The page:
A Protester Awaits Her Paycheck
The Costs of Speaking Out
I must be doing something wrong. If I were doing things right, you see, I’d have earned some money last month when I went to DC to participate in the People’s Climate March to call attention to issues of climate change, and to demand government action in the face of its catastrophic effects.
Despite news reports and tweets about paid protesters who disrupt rallies and town hall events, and populate marches including the Women’s March in January, Tax Day protests earlier in April, and more, I have yet to receive my paycheck.
Instead, I shelled out hundreds of dollars, including train fare, hotel, meals, and incidentals (including about $20 I spent on magic markers, glitter pens and other materials to make a protest sign). On top of that, I missed attending at professional conference, where I could have made valuable contacts that would have helped me earn more money in my budding new business. (Additional hidden costs also included some very sore feet and a mild sunburn.)
But for me this was really no big sacrifice, as I was easily able to afford the costs. Still, I couldn’t help but notice the much greater sacrifices made by those I marched side by side with in the record-breaking near-100 degree heat. (And no, that last little detail was not lost on those of us who were marching for climate action.)
Some of the people I met as we streamed down the streets of the nation’s capital were war veterans, mothers with babies (some still nursing) and small children, college students, and people in wheel chairs. Then there were all the people, from quite young to quite old — who travelled overnight in buses they’d boarded in the wee hours of the morning, or even the day before, and would re-board that evening after a long day of marching to return home sometime the following day or evening. Many, if not most, of these people had to show up at work Monday morning having slept (or not slept) on the cramped seat of a school bus or coach for two or more nights in a row.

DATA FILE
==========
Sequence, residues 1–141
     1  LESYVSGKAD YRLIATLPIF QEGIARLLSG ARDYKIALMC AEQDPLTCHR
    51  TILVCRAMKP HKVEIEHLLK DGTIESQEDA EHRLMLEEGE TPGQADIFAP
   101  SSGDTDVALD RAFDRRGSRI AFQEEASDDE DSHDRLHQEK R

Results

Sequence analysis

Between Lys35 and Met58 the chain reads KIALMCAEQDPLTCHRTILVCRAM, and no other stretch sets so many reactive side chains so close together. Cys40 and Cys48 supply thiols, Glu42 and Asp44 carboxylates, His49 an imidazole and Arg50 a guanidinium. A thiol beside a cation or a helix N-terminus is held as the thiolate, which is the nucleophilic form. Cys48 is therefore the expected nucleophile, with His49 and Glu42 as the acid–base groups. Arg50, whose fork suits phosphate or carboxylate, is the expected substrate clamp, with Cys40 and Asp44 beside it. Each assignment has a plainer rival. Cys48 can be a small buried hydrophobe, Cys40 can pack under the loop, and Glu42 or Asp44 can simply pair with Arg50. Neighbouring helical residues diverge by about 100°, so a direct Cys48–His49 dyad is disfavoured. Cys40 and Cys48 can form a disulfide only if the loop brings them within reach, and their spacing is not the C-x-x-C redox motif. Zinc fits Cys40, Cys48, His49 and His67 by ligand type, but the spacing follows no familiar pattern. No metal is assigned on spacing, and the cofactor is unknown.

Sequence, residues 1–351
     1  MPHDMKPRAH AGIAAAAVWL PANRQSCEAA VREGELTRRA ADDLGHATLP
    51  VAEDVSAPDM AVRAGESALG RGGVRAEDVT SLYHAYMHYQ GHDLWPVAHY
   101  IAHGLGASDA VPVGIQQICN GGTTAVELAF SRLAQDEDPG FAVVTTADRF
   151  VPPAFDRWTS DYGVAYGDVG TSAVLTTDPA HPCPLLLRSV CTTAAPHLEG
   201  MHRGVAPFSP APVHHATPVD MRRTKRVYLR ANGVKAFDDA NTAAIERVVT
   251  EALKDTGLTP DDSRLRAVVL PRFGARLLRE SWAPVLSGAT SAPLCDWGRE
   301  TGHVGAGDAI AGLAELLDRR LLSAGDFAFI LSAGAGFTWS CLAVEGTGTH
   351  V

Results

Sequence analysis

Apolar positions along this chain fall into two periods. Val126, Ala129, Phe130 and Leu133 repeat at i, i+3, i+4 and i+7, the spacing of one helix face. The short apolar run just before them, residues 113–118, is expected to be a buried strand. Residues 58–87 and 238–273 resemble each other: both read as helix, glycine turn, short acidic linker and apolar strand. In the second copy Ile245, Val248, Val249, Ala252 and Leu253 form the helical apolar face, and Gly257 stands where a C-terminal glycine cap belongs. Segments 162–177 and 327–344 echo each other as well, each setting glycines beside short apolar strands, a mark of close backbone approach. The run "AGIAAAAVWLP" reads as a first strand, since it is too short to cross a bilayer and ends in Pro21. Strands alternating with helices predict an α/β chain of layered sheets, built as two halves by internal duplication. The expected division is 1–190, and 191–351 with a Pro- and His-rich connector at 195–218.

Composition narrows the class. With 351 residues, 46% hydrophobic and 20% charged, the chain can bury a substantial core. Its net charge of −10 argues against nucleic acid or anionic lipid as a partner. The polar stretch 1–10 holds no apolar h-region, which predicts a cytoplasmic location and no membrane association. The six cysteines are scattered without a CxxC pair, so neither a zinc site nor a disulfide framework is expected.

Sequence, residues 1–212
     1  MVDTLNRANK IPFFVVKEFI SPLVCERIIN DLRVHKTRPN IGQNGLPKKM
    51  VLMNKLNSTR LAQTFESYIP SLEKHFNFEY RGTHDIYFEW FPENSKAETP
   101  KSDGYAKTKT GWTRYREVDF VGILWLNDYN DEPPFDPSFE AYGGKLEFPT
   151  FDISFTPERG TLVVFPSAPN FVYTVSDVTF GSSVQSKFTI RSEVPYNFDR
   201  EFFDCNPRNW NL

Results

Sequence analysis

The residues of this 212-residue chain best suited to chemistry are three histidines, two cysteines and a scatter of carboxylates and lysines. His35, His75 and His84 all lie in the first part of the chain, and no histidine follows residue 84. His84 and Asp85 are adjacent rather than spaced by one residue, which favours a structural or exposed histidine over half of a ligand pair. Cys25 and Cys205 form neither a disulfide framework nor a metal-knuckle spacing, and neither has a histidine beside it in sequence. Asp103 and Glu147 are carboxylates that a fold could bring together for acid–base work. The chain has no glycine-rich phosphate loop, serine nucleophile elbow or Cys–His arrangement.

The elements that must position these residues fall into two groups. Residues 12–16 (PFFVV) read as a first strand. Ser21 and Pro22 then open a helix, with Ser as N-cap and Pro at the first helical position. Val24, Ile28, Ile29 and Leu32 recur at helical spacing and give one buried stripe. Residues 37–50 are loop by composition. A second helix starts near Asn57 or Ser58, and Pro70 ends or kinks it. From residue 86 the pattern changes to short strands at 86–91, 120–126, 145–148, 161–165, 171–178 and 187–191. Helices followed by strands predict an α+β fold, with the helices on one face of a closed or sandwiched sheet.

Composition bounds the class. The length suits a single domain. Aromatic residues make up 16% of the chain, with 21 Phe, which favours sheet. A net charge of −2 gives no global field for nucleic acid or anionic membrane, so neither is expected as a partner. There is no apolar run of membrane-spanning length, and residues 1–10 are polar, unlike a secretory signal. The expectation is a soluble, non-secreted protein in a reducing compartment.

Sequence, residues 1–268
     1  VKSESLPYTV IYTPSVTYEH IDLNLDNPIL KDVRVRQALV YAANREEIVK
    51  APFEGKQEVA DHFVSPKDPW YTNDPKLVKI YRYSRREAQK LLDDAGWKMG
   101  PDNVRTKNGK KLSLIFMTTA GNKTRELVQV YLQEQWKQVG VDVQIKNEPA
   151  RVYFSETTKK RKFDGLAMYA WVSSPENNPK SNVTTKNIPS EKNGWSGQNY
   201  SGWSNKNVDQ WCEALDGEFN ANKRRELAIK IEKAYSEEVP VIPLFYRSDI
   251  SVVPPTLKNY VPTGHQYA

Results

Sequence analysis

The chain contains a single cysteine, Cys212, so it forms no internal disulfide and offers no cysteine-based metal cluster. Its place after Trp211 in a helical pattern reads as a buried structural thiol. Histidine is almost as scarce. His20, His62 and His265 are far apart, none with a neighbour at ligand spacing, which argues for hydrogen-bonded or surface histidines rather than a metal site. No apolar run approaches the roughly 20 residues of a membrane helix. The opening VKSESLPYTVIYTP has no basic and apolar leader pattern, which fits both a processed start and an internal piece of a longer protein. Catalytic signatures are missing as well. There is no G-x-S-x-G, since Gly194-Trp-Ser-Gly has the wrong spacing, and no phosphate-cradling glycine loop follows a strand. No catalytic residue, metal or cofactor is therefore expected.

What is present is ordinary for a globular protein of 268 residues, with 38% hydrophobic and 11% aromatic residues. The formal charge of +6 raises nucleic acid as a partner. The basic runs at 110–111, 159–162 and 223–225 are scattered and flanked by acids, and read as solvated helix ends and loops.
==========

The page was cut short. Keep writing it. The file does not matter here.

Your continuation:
And then there were all the people I met who were not marching because they couldn’t afford to. That weekend I met taxi cab drivers, wait staff, custodial staff, hotel employees and more, who, when they learned why I was in DC, thanked me for being in the streets when they could not, as they couldn’t take the time off from work.
Coming out to march is not only expensive, it’s also exhausting. (And energizing and inspiring and fun, too.) But despite the thrill of being surrounded by some 200,000 people who care enough about their country and the future of our planet to make the sacrifices needed to show up and make their voices heard, I’m sure most of us on that sweltering day would have preferred to be in an air-conditioned movie theater, or in the comfort of our own homes with our families or friends.
So, no, the people I met at the march were making sacrifices, not profits. They were literally putting their sweat and tears (there were plenty of the former and some of the latter), if not their blood, on the line for what they believe in.
The news media, which largely ignored or downplayed this particular march, missed a beautiful American story unfolding on the streets of our nation’s capital. It’s the story of people motivated by a deep love and concern for the planet that supports the lives of people of all races and classes and cultures at a historical moment when the rich and powerful are grabbing more and more for themselves, with flagrant disregard for the needs of average Americans, let alone the most vulnerable among us.
Nonetheless, if you know who’s actually funding those paid protesters, send them my way. I know a lot of people who could use a few extra bucks for childcare so they can leave home to exercise their First Amendment rights, or for missed wages from taking time off from work to carry a sign down Pennsylvania Avenue, or to buy a seat on a bus to DC next time.
Even a few bucks to purchase some new walking shoes would help — to replace the ones that might be getting worn out. Because the fact is, we’ve all got a lot more marching to do.
What does Dreaming have to do with Climate Change? Please visit 350 Dreamers on Facebook to learn more about how we use dreams, prayers, and visioning to inspire action and help heal our environment.
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Originally published at tziviagover.com on May 6, 2017.